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- Subject: Re: release methodology
- From: John Belmonte <jvb@...>
- Date: Mon, 17 Jun 2002 23:23:24 +0900
We try to use quite similar rules, but with different names. What you
call "alfa" we call "work", your beta is our alpha, your "rc" is our
beta, and "gold" is our "official" release. (Except that in no release
we have "bugs expected and accepted" ;-)
These terms are open to interpretation, but please allow me to offer my
view. What you call "work" is normally called "development". That is,
you're trying new features, and not sure which will be selected to be
released. It's similar to the odd versions of the Linux kernel. The
way I've normally seen "alpha" used in software is to mean a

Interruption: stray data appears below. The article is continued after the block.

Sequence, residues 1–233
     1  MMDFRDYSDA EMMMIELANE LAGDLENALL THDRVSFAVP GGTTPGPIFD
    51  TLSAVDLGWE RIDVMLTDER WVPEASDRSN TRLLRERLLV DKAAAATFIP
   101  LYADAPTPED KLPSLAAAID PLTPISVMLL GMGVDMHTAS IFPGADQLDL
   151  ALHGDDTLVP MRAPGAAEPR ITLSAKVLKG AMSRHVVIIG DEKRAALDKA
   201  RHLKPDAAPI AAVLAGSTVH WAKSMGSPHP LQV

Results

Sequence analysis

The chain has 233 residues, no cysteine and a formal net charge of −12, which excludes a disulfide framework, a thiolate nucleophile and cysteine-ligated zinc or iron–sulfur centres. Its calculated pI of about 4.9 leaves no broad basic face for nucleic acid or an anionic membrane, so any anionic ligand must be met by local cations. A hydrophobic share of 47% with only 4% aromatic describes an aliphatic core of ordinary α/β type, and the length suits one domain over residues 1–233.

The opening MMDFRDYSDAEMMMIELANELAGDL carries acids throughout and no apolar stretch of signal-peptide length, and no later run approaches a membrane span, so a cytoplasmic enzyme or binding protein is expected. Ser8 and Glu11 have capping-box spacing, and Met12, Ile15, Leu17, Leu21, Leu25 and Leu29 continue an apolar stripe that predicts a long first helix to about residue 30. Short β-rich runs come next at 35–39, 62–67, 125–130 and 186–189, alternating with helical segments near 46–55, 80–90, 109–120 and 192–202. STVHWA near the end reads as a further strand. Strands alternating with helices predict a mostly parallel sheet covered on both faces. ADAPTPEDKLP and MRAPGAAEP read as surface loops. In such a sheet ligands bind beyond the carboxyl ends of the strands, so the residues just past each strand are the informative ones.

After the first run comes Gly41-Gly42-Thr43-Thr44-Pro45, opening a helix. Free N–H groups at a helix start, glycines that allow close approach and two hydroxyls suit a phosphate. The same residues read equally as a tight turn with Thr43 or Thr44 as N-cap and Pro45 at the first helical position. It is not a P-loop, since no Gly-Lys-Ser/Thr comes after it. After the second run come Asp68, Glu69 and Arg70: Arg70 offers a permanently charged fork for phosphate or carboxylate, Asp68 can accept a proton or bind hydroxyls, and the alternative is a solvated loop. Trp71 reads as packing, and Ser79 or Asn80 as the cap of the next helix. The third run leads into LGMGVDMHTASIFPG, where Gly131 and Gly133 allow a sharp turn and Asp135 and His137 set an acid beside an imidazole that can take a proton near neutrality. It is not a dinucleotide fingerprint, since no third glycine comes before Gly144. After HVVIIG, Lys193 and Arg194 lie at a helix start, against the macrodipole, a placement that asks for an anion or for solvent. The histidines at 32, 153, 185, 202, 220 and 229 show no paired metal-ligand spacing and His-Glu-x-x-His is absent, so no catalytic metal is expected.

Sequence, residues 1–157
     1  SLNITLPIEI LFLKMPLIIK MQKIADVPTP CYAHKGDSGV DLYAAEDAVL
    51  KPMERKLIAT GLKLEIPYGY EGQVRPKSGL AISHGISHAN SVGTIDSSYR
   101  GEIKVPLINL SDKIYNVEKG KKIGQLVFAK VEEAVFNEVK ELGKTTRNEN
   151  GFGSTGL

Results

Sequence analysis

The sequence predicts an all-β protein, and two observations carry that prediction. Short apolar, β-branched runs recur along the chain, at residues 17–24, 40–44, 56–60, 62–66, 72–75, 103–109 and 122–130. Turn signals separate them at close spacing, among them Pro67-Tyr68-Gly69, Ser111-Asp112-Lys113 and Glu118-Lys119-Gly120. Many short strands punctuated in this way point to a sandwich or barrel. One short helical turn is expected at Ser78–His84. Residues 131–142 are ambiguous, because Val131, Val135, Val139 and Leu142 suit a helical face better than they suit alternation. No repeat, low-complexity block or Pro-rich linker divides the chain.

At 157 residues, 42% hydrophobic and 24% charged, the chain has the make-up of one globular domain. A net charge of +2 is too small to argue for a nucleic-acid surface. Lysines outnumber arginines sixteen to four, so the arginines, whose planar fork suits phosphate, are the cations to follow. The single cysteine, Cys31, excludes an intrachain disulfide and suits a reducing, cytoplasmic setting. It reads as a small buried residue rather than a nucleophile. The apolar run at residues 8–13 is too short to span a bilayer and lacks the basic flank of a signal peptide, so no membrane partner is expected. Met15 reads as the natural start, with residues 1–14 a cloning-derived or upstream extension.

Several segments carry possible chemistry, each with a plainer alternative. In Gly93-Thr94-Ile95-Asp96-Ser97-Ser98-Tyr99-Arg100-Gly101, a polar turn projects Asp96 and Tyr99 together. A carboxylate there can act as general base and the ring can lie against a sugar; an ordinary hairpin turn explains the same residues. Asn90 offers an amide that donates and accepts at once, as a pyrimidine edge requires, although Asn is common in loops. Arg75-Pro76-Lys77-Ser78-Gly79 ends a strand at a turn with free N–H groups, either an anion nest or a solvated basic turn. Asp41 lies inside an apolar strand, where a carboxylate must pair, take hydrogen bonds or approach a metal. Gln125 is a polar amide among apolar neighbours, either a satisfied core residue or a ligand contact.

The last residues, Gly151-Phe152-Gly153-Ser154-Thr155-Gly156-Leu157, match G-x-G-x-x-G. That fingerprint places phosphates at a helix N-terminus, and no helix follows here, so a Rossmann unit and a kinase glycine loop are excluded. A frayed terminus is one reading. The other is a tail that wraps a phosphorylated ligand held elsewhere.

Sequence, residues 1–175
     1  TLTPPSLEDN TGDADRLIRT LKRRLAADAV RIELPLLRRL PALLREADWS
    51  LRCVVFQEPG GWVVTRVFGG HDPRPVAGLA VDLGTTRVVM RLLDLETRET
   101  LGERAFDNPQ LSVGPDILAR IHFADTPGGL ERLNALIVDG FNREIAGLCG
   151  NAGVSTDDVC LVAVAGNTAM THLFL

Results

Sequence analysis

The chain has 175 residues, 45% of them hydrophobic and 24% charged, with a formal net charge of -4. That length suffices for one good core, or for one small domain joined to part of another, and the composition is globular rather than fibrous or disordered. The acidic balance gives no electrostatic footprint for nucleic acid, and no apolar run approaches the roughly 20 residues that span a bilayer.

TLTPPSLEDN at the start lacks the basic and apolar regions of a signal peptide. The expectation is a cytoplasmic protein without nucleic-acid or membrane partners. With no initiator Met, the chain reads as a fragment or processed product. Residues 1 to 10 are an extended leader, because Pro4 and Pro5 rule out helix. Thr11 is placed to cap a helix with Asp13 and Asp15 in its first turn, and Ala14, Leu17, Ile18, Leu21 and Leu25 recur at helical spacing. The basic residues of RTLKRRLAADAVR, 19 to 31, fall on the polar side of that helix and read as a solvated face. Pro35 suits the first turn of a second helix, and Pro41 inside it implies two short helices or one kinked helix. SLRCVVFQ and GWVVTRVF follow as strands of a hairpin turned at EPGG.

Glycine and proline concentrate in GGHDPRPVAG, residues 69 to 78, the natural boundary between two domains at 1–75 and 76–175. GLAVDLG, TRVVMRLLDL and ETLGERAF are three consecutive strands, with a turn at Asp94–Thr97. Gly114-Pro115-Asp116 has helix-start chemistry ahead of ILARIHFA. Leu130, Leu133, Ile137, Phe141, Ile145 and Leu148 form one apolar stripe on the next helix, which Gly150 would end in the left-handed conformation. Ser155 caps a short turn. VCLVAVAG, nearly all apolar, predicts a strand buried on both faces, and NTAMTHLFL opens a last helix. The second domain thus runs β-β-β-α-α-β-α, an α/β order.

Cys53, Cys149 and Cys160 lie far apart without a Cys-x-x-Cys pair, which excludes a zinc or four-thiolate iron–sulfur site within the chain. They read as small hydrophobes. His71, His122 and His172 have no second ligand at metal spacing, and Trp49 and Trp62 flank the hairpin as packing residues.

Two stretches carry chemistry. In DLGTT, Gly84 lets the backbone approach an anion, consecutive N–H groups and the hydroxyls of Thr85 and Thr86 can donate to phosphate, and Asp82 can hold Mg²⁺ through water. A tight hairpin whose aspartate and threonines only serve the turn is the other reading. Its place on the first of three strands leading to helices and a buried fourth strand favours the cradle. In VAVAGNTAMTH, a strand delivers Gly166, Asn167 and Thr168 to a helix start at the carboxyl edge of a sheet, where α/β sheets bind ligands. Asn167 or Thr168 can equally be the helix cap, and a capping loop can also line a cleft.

feature-complete version. In other words, you've decided on the set of
features you would like to make into a stable version. "Beta" is
usually a debugged version of alpha, with maybe a few adjustments to the
features. A "final" release is strictly bug fixes to the beta version.
Usually "update" is not used-- when there is some bug fix you just
make an incremental "final" release.
A problem with Lua's past release, for example, were the feature changes
between 4.0 alpha, beta, and the final release. This made things
difficult for people who decided to put a beta version in their project,
possibly with customisations, and expected only small bug fixes going
into the final release. I know because it happened to me.
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